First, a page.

The leadership of HHS had a tele-conference on Monday to highlight the new Medicare incentives for physicians to adopt e-prescribing systems. What the Washington Post and Kaiser Family Foundation reported about this press briefing that wasn’t in the HHS press release was that the Acting Administrator of CMS said that the per physician cost of e-prescribing systems is about $3,000 up front, and then $80-400/month for operation and maintenance.
These numbers caught my eye, because with the incentives in the Medicare bill, the break-even point for physicians is as follows:
First, let’s assume that the per month cost is $240 (the mid-point between $80 and $400), or $2,800 per year. Since the Medicare incentives for e-prescribing are a net 2% of Medicare reimbursements, that means to break-even the physician has to have $144,000/year in Medicare reimbursements – just for the operation and maintenance costs. Additionally if the up front costs are spread over two years ($1,500/year), that raises the break-even point another $75,000, to $219,000/year.
For some clinicians, this amount of revenues from Medicare might be low, and therefore, it would make sense to get an e-prescribing system. However, if the doctor only sees a minority of Medicare patients, then the incentives could be a penalty. Which is exactly what Congress expects the financial effects of the e-prescribing incentives to be. According to the Congressional Budget Office, “CBO estimates that the net budgetary effect of the electronic prescribing provision will be to reduce Medicare spending by $0.2 billion over the 2008-2013 period and $2.1 billion over the 2008-2018 period.”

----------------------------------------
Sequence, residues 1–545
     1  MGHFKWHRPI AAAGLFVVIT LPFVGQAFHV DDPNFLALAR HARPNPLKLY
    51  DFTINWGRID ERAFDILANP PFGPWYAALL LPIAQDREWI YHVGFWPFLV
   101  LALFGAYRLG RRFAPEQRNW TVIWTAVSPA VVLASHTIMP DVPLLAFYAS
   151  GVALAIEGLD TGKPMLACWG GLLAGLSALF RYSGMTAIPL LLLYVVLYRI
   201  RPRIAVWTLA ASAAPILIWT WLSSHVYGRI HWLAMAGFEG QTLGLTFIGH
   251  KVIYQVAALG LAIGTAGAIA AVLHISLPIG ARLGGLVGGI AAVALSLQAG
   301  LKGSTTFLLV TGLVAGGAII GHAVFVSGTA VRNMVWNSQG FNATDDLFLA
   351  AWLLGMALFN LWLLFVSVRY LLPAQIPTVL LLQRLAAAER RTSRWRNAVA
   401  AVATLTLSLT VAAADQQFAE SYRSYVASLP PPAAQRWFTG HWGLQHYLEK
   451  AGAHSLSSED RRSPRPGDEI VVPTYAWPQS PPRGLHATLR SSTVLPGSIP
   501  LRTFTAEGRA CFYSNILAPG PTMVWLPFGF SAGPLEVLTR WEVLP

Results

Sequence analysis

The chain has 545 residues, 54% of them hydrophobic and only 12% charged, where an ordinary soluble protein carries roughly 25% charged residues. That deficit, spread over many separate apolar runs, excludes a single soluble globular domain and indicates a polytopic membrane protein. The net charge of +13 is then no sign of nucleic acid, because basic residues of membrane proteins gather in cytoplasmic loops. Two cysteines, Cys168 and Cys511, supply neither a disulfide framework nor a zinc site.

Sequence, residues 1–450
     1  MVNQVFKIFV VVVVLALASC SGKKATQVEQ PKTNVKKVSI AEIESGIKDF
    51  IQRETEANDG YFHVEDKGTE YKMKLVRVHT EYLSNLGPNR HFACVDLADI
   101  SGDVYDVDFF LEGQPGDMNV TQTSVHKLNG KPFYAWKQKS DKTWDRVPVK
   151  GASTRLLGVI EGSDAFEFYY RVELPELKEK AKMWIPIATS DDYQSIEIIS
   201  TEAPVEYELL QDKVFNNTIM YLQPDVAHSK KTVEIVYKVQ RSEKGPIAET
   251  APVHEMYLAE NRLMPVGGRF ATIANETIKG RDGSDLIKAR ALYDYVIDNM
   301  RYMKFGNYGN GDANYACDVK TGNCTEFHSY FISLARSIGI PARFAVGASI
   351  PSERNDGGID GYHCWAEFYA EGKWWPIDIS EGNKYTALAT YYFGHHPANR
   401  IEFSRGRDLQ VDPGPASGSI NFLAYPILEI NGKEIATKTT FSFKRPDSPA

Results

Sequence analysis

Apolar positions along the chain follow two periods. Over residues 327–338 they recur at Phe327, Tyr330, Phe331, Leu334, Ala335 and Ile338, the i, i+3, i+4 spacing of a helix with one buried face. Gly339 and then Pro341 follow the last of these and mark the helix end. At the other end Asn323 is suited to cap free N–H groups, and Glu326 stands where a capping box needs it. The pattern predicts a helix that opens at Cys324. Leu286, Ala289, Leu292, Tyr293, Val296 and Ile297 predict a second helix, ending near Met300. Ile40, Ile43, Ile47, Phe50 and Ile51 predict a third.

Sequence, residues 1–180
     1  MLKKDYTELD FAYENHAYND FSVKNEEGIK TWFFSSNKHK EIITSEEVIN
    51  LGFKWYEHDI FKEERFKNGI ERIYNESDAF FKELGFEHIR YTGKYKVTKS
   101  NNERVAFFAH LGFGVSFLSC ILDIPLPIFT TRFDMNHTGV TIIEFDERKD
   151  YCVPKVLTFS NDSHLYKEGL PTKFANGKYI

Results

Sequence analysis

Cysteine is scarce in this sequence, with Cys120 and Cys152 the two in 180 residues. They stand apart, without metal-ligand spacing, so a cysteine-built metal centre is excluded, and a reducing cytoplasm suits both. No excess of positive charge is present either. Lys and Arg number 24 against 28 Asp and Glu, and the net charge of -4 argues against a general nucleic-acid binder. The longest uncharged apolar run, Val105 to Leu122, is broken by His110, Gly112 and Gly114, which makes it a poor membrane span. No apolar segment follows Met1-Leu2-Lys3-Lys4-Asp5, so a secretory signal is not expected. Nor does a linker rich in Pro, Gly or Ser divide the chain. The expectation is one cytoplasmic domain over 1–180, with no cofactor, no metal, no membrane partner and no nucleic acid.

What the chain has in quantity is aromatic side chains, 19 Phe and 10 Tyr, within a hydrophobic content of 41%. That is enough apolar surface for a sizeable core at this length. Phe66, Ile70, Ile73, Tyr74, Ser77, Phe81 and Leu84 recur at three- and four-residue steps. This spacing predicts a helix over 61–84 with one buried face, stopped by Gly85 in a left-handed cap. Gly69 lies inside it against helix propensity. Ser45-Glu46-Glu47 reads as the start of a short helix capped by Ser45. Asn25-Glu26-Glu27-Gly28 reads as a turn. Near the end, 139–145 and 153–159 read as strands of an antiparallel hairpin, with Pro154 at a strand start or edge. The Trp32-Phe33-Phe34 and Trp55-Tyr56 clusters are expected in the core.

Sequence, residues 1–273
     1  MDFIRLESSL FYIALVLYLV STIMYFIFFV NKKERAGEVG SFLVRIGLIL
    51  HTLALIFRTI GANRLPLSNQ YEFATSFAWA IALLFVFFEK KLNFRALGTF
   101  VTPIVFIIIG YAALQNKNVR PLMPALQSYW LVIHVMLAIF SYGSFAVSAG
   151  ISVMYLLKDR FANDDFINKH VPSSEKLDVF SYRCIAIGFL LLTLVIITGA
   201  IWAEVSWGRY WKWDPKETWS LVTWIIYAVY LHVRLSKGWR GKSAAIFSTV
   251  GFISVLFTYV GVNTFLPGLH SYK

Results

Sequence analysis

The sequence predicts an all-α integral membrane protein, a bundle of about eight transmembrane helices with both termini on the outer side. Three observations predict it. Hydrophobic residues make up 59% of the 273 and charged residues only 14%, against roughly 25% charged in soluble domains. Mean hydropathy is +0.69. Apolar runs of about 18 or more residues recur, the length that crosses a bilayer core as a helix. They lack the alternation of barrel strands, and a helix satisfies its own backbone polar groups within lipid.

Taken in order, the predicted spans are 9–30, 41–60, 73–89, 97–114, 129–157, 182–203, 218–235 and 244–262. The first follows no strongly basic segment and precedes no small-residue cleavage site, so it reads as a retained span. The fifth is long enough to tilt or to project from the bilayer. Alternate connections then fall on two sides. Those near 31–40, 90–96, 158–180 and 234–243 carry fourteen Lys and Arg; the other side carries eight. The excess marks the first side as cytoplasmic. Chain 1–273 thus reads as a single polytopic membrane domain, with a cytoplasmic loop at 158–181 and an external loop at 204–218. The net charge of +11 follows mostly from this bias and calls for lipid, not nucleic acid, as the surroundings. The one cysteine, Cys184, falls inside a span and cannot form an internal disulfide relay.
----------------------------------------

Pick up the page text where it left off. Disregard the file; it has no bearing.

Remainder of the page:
Of course, if other insurers were to match (or exceed) Medicare’s incentive payments for having e-prescribing systems, then obviously the break-even point for physicians would come down, since the calculations wouldn’t balance solely on Medicare revenues. However, I’m not aware that other insurers are rushing to provide financial incentives for physicians to use e-prescribing systems.
There are additional important points about e-prescribing that need to be made. First, e-prescribing can have additional costs for physicians’ offices in the form of training time and lost productivity, and unlike electronic medical records, e-prescribing itself is unlikely to improve the office’s billing accuracy and revenues. Second, e-prescribing can certainly provide clinical benefits by reducing medical errors with better communications about individual prescriptions. I wrote about these issues a couple of weeks ago (see “Challenges to Making E-Prescribing Increase Efficiency and Improve Quality”), but want to reinforce one point here: Going from paper to computer communications can also introduce new opportunities for medical errors – particularly if people rely on the computer generated information while they might question the legibility or accuracy of a hand-written prescription. That is, technology is great, but its appropriate role needs to be understood by the users, who also have to use it correctly for it to provide real value.